Widespread fear that Japan's nuclear crisis could send radioactive fallout Russia's way is proving a nightmare to public officials in the Pacific regions, but a bonanza for merchants selling everything from face masks and iodine to vodka and wine.
Residents also are stocking up on dosimeters, a device for measuring the total absorbed dose from exposure to ionizing radiation, and seaweed, which contains natural iodine.
Health experts are insisting the radiation threat is minimal and warning that an excessive intake of iodine is not only useless but could even be harmful.
No increase in exposure levels in the region has been reported since the tsunami-damaged Fukushima nuclear power plant began releasing radiation. The plant is about 950 kilometers (600 miles) east of Vladivostok, a major port and the largest city in the Russian Far East.
Even if a reactor at Fukushima explodes, "there is no danger for Russia's Far East," the head of Russia's atomic energy agency, Sergei Kirienko, told Prime Minister Vladimir Putin on Tuesday. Prevailing winds would likely send fallout from a blast out over the Pacific Ocean.
On Wednesday, more assurances were forthcoming. Alexander Ivelsky, an Emergencies Ministry spokesman in Sakhalin, immediately north of Japan, insisted "there is nothing to be afraid of" and that Russians should trust official announcements.
Alexander Molochkov, dean of the physics department at the Far Eastern Federal University in Vladivostok, said "Russian nationals should feel completely safe."
But many Russians are wary of official assurances, apparently remembering the secrecy and dissembling that followed the Chernobyl nuclear power plant explosion in 1986 or still plagued by Cold War-era fears.
"Some people are just freaking out," Pyotr Laduzhin, a computer engineer in Vladivostok, told The Associated Press in a message. "It's an old Soviet fear of a nuclear attack."
He added he has been measuring radiation using a meter he bought in 2007, shortly after North Korea tested its nuclear weapons.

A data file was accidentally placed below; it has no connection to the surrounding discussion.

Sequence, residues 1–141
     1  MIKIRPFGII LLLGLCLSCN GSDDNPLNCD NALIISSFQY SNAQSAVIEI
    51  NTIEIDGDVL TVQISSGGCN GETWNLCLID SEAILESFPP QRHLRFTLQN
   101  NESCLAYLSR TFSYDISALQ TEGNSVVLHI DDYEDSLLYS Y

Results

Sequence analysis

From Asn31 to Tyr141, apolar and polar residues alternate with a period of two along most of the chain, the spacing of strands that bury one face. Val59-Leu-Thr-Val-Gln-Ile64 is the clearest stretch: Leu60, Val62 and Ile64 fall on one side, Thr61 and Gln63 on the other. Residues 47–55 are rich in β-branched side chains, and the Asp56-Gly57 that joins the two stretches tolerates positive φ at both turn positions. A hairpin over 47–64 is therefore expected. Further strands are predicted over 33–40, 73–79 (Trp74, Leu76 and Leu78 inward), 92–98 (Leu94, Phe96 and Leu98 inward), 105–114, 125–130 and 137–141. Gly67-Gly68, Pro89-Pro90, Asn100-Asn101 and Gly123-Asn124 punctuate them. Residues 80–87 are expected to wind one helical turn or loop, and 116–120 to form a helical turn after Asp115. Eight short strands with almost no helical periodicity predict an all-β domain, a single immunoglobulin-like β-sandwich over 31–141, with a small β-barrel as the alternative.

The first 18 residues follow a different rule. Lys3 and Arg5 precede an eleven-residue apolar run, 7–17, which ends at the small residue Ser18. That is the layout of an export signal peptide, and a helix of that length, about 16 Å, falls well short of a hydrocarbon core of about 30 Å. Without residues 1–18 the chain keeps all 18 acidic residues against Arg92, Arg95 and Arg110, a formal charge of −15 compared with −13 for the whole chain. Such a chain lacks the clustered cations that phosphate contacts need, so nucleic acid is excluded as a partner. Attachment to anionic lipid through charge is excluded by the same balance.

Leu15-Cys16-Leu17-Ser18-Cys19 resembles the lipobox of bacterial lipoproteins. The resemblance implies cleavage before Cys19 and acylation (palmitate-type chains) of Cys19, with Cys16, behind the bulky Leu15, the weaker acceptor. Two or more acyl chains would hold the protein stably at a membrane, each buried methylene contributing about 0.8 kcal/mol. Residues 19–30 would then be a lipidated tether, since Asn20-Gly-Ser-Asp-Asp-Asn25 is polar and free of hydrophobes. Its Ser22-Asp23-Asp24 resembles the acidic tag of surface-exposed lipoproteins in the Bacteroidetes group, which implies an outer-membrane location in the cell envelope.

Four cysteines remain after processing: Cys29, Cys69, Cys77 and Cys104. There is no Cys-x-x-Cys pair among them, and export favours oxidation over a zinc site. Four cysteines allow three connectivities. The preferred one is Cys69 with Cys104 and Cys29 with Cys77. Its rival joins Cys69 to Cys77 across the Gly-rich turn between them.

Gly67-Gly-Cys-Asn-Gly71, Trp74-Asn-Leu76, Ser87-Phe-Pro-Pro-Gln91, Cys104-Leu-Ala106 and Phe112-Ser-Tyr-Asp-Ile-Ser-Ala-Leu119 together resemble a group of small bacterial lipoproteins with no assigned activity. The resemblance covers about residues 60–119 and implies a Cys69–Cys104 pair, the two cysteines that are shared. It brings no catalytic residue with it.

"I feel safer when I see with my own eyes that radiation is normal," said Laduzhin.
Companies dealing in dosimeters, iodine and face masks are stirring fears to boost sales, said Olga Shekhovtseva, an Emergencies Ministry spokeswoman in the mainland Primorsky region. "It is a pity that certain businessmen are trying to profit on the situation," she told AP.
Clerks at pharmacies throughout Vladivostok say they sold out all medical drugs containing iodine, as well as face masks and gauze.
But a representative of the Primtekhnopolis, which sells radiation gauges costing upward of $100, claimed it had been actively trying to dissuade customers from panic purchases.
"We're trying to talk them out of buying them, saying they don't need them, but it's all to no avail," said Vitaly Aldanov. "They're buying them anyway."
Russian media, meanwhile, reported a spike in sales of vodka and red wine on Sakhalin.
Some Russians believe that by consuming vodka they can stave off ills, while red wine is considered to increase red blood cell production, boosting the immune system. Soviet authorities recommended red wine to boost the body's defenses against radiation following the Chernobyl disaster.
But others favor fleeing altogether. Airlines say they have sold out of tickets from the Russian Far East to Moscow and other parts of western Russia.
"I am going to send my wife and children to their relatives in (the western city of) Voronezh," Vladivostok resident Dmitri Starichenko said. "I can't leave myself because of work, but I'm worried about them."
There is calm in some quarters, though.
"I am not afraid," said Mikhail Glumov, a computer network administrator in Vladivostok. "This is nonsense blown up by the media _ just like swine flu or atypical pneumonia."
Mansur Mirovalev contributed to this story from Moscow.
(This version CORRECTS Corrects spelling of "iodine," updates with quotes, details. Changes dateline, byline. Adds contributor note.)